Pat Summitt's Death Shines Spotlight On Alzheimer's Disease

June 28, 2016

Pat Summitt News
Pat Summitt, the former Tennessee women's basketball coach who won more games than any other coach (male or female) in college basketball history, died this morning after a five-year fight with Alzheimer's disease.

Summitt, 64, was diagnosed with younger-onset Alzheimer's in the summer of 2011, then left the Tennessee program in August 2012 after 38 seasons, 1,098 victories and eight national championships. Shortly after her diagnosis, she formed the Pat Summitt Foundation to help find a cure for Alzheimer's.

"Competition got me off the farm and trained me to seek out challenges and to endure setbacks; and in combination with my faith, it sustains me now in my fight with Alzheimer’s disease," she said in a statement that accompanied the release of her memoir in 2013.

Aside from characteristic memory failure, Alzheimer's affects higher brain functions and learning. Complications can include heart attacks, atherosclerosis, hypertension, strokes, kidney failure and lung infections.

"As Alzheimer's advances through the brain," says Patricia O'Brian, the patient and family engagement coordinator for the Hartford HealthCare Center for Healthy Aging, "it leads to increasingly severe symptoms, including disorientation, mood and behavior changes; deepening confusion about events, time and place; unfounded suspicions about family, friends and professional caregivers; more serious memory loss and behavior changes; and difficulty speaking, swallowing and walking."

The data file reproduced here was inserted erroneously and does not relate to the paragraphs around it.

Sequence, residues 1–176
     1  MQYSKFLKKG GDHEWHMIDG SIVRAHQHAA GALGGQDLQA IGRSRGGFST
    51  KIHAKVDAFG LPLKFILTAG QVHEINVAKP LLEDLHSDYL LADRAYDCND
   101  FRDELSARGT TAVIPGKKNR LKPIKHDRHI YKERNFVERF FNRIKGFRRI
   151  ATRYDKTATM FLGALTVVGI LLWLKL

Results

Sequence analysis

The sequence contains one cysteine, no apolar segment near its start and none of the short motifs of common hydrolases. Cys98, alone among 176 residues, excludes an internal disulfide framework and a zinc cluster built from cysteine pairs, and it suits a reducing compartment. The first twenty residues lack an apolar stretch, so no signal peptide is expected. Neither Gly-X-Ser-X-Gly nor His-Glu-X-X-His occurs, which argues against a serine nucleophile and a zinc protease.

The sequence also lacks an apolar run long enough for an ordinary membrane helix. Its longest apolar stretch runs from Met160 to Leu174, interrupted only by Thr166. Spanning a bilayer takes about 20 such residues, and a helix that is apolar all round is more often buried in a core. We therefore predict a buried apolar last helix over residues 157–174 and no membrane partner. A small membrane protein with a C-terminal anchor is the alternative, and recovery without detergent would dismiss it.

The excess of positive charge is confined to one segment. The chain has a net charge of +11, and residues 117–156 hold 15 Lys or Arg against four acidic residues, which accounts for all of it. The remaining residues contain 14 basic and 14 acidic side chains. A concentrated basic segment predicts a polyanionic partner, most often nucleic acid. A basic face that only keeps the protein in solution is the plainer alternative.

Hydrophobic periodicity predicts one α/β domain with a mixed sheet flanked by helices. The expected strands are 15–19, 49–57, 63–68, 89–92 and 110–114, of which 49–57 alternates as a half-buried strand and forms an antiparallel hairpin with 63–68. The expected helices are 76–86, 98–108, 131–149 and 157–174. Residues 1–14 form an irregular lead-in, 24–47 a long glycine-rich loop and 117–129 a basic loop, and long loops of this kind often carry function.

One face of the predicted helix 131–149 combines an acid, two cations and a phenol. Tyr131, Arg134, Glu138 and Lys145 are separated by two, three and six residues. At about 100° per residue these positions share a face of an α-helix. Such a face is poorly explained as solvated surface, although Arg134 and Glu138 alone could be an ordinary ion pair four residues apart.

Summit and others diagnosed before age 65 are considered early (or younger) onset. It's relatively rare, with 200,000 cases nationwide. More than 5 million people in the United States living with Alzheimer's were diagnosed at age 65 or older.

"After her diagnosis," says O'Brian, "she became a new champion -- working to raise awareness and critical research funds in the fight to end Alzheimer’s."

Do you know your risk of getting Alzheimer’s disease or a related disorder? Here is a quick screen, so you can learn your risk factors and see what you can do to minimize your risk.

  • Do you have more memory lapses than you did five years ago?
  • Have you experienced sad moods for more than two weeks?
  • Have you had changes in your sleep habits?
  • Are you a smoker?
  • Do you have a first-degree relative (parent/brother/sister) with dementia or Down syndrome?
  • Have you ever had a head injury or loss of consciousness for more than 5 minutes?
  • Are you being treated for cholesterol problems, high blood pressure or diabetes?
  • Are you more than 20 percent over your ideal weight?
  • Do you have stress on a regular basis?
  • Could you have a vitamin deficiency (B12, thiamine) or thyroid disorder?
  • Are you over age 65?


Yes answers:

0-2: Minimal Risk
3-5: Moderate Risk
6-10: High risk

Determine which of your risk factors are modifiable and learn what you can do today to minimize your risk of getting dementia.

For more information, visit The Hartford HealthCare Center for Healthy Aging. Or contact one of the Center's four locations:

The Hospital of Central Connecticut at Bradley Memorial
Toll Free: 800.273.0078
Phone: 860.276.5293

The Hospital of Central Connecticut at New Britain General
Toll Free: 877.4AGING1
Phone: 860.224.5278

MidState Medical Center
Phone: 203.694.5721
Fax: 203.694.5910

Windham Hospital
Phone: 860.456.6784

Resources & Support 

Dementia resources from the Institute of Living Family Resource Center: 860.545.7665 or 860.545.1888.

Dementia Education and Support Group: Please join us as we bring together experts and those who want guidance, direction, and support through this journey. Let’s work together, help each other and exchange ideas.

First Tuesday of every month: 11:30 a.m.-12:30 p.m., Institute of Living Donnelly Conference Room, first floor.
Dates: July 5, Aug 2, Sept 6, Oct 4, Nov 1, Dec 6

Space is limited, reservations are required.

RSVP to 860.545.7665.

Hartford HealthCare Press Contact

  • Shawn Mawhiney
    Director of Communications